The laws enacted by the legislator at the end of March 2020 to mitigate the consequences of the corona virus pandemic (“Corona Consequences Mitigation Act” („Corona-Folgen-Abmilderungsgesetz“), see here for details) were limited in time and would have mostly expired at the end of September 2020. In view of the ongoing pandemic, some of the relevant regulations have now been readjusted, but extended in total at least until the end of 2020.
Thus, on Thursday, 17 September 2020, the German Bundestag adopted a draft amendment to the Covid 19 Insolvency Suspension Act (“COVInsAG“) submitted by the parties of the governing coalition following amendments proposed by the Legal Affairs Committee (see here for details of the discussions and the current status, in German).
The core of this regulation (already discussed here) is the extension of the (limited (!)) obligation to file an insolvency petition for over-indebtedness according to § 19 InsO suspended by the COVInsAG. On the other hand, the obligation to file for insolvency due to inability to pay according to § 17 InsO will be revived without restriction (!) from 1 October 2020 onwards.
On 18 September 2020, the BMJV then submitted a draft for the extension of various other provisions of the Corona Consequences Mitigation Act, namely the “GesRGenRCOVMVVV”. This regulation aims to regulate the extension of the validity of various measures in company, cooperative, association and trust law to combat the effects of the COVID 19 pandemic until 31 December 2021. This will allow companies of affected legal forms as well as associations and foundations to continue to be able to take decisions even if the restrictions caused by the COVID 19 pandemic continue to apply.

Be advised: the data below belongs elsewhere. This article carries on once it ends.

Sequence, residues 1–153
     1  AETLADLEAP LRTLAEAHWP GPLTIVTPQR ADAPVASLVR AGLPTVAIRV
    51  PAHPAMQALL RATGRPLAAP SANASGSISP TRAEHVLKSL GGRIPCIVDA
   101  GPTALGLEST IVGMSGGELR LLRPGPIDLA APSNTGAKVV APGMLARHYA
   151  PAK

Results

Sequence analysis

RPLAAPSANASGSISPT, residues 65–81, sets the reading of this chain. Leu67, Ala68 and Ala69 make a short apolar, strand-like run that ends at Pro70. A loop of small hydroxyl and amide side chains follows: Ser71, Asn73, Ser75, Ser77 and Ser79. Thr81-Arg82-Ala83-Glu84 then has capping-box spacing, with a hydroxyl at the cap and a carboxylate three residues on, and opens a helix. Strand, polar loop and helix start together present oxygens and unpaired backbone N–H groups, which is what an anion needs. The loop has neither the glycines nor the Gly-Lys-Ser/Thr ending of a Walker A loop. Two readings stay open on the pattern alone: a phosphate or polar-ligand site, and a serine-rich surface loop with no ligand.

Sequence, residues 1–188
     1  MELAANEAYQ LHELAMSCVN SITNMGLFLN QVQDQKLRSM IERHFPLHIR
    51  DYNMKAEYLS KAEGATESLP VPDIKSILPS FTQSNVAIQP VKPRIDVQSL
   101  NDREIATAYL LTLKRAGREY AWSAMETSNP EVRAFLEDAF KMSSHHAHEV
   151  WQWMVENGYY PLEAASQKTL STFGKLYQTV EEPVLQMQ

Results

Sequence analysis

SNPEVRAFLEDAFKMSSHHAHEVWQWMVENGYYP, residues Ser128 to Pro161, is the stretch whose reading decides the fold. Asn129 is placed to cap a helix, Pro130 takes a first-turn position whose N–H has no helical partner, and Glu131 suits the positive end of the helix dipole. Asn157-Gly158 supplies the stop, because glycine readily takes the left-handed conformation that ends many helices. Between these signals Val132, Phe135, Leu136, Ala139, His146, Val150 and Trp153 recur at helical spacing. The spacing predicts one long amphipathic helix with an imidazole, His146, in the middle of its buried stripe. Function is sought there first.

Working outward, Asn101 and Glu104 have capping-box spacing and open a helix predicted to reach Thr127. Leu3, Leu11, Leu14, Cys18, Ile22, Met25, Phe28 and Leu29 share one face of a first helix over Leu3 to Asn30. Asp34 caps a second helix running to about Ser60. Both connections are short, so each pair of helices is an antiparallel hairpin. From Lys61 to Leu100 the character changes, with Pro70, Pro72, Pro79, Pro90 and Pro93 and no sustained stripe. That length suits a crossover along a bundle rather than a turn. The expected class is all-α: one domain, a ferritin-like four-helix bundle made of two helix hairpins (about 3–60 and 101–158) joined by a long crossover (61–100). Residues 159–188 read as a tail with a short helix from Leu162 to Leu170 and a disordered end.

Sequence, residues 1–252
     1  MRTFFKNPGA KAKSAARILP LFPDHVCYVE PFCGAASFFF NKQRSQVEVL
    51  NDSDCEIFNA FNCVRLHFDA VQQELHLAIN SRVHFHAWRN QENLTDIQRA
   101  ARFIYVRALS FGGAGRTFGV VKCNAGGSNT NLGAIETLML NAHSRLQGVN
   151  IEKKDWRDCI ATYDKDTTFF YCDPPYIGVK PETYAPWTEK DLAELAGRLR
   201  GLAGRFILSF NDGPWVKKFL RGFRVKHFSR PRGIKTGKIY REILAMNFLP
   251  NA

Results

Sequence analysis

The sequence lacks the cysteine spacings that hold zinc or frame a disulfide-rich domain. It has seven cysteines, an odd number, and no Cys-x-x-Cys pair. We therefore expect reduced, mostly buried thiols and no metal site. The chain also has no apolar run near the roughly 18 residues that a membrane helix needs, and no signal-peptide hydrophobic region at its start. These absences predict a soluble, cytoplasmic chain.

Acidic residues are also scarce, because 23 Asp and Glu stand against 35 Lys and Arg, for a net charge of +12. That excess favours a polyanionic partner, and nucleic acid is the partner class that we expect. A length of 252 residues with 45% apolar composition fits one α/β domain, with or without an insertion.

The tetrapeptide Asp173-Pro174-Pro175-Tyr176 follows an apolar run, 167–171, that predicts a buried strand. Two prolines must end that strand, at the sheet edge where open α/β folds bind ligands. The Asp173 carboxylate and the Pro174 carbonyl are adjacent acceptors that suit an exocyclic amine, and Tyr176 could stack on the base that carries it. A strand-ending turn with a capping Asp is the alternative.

Conclusion: There is no doubt that the pandemic and its consequences will continue to accompany us in our daily lives half a year after the adoption of the Corona Consequences Mitigation Act. With the rapid implementation of the “StaRUG” (see here for more details), the legislator has also shown that it has its sights set on the long-term fight against the consequences of the crisis. The differentiated further suspension of the obligation to file for insolvency only for over-indebtedness could now be taken as evidence that it also has its sights set on avoiding a “zombification” of the German economy. However, “business zombies” are often characterised by the fact that they can just take out loans, but – in the spirit of Minsky (see here) – are already so over-indebted (!) that they are no longer able to repay even the interest for these loans from their own own business profits. In doing so, however, the Federal Government is extending the life of these zombies by another three months. On the other hand, one simply has to say that after ten years of low interest rates, which made the zombies sprout in the first place, this short prolongation (if it ends there) is not really relevant any more.
(All in German)